Three years ago, the party rental industry couldn't discount rates fast enough.

Whipsawed by a floundering economy and plenty of competitors willing to shave their own rates, nearly two in three rental operators told Special Events back in 2010 that they felt compelled to discount just to get business in the door. But things have changed. Due to factors including an improving economy, the latest Special Events online survey reveals that only 20 percent of rental operators today say that they discount rates much more than they wish to. Instead, 40 percent now say they discount rates selectively as they see fit. And other 40 percent say they rarely if ever discount now. Indeed, discounting is now again being used as a strategic tool rather than an everyday deal, a scalpel rather than a sledgehammer.

ASK THE QUESTIONS The team at All Occasions Party Rentals, based in Knoxville, Tenn., considers a range of issues before offering a discount. "We discount based on several factors," notes president Terry Turner. "How bad do we want the business? Is it a strategic move to capture a market? Does it provide exposure to a certain demographic we are looking for?"

At Landover, Md.-based Perfect Settings, longtime customers are rewarded with discounts while newer ones don't get as much "unless they are a volume client," explains founder Peter Grazzini. The improving economy helped him pull back on discounting, as well as the fact that "my competition quit doing it so much," he says. In fact, "I got a small price increase this year," he says.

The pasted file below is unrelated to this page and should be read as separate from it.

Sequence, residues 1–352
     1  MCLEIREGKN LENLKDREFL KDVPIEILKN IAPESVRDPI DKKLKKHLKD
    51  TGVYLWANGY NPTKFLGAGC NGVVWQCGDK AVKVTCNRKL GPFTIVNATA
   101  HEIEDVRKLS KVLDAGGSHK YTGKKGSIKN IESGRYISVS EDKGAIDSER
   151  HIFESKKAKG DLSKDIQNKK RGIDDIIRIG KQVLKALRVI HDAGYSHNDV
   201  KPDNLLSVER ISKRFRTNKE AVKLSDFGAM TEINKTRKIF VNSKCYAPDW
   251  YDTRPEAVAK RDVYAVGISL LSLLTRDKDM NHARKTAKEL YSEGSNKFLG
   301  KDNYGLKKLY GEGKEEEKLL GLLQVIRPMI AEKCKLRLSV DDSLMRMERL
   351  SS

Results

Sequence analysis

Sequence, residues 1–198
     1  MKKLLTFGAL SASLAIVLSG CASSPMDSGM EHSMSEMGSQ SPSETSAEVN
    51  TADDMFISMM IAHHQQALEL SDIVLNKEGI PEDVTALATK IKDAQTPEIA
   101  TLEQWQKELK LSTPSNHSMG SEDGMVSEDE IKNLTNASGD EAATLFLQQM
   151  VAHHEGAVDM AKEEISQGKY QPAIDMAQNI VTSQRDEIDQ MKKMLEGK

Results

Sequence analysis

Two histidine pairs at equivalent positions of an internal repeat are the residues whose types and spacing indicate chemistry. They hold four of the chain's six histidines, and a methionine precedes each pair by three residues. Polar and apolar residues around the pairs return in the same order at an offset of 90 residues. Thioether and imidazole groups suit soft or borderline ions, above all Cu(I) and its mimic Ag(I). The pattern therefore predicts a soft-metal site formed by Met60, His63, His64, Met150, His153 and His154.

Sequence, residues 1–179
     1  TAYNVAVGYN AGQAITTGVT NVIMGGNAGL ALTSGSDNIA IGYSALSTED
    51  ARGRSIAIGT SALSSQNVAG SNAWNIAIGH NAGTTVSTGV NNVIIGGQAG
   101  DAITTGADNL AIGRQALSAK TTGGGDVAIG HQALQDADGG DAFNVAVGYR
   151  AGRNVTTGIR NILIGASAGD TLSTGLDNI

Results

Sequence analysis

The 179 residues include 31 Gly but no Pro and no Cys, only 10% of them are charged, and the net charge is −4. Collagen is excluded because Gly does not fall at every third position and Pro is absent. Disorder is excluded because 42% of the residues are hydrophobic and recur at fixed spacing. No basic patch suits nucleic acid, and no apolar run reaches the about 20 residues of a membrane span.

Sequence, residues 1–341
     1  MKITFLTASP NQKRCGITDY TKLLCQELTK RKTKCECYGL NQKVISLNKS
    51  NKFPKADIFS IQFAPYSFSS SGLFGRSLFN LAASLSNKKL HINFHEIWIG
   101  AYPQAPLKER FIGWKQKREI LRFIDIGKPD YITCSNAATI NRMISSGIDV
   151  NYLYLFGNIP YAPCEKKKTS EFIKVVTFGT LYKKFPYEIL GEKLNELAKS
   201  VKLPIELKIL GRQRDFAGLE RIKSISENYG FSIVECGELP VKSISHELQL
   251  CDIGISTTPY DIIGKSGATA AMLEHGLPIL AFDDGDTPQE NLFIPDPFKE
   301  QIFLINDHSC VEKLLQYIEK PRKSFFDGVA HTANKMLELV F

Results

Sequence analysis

"We offer a discount to our highest volume, repeat caterers, and if we know we are in a bidding situation, will also sharpen our pencils," says Charlie Feldbaum, head of Minneapolis-based Apres Party and Tent Rental. "But economic times are must better and the end customer is much more willing to take our bid and not look further."

Sparks, Nev.-based Camelot Party Rentals sticks to a budget for its discounts. "We still do give discounts, but now we budget per month," notes Kimberly Beck, who heads up PR and marketing. "We know when the big annual events occur and we factor those into our budget first, while everything else follows. If we exceed our monthly discounting budget, then we don’t provide any more discounts for that month."

WHO'S SORRY NOW? A big-city rental operator who asks to remain anonymous because "all our largest customers read Special Events" says the improving economy allowed his company to discount much less, reserving that option only on occasion for the slow winter months. Another helpful factor: Some clients have been alienated by the poor service they received from a deep-discount competitor. "I tell our sales people that sometimes it is better to let a customer use a competitor who offers a ridiculously low price," he says. "In most cases the customer is disappointed in what they receive, and in the end they appreciate our company more and realize that we have been treating them very well."

THE FABULOUS FREEBIE To hold the line on rates, several operators throw in a complimentary item rather than a discount on the entire tab ...

See the full story in the September-October issue of Special Events, which is available to ISES members for free and to subscribers. Not a subscriber? We can fix that; just click here.